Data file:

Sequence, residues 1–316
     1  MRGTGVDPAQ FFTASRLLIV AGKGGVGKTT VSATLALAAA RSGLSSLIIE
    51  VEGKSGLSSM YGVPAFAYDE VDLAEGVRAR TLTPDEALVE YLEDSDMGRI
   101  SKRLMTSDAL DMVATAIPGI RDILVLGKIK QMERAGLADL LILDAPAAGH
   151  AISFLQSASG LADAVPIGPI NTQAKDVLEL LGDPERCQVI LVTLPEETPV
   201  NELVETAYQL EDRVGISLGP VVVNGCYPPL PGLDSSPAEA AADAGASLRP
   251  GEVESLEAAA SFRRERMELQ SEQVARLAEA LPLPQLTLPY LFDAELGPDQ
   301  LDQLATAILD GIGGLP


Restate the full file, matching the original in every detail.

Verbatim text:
Sequence, residues 1–316
     1  MRGTGVDPAQ FFTASRLLIV AGKGGVGKTT VSATLALAAA RSGLSSLIIE
    51  VEGKSGLSSM YGVPAFAYDE VDLAEGVRAR TLTPDEALVE YLEDSDMGRI
   101  SKRLMTSDAL DMVATAIPGI RDILVLGKIK QMERAGLADL LILDAPAAGH
   151  AISFLQSASG LADAVPIGPI NTQAKDVLEL LGDPERCQVI LVTLPEETPV
   201  NELVETAYQL EDRVGISLGP VVVNGCYPPL PGLDSSPAEA AADAGASLRP
   251  GEVESLEAAA SFRRERMELQ SEQVARLAEA LPLPQLTLPY LFDAELGPDQ
   301  LDQLATAILD GIGGLP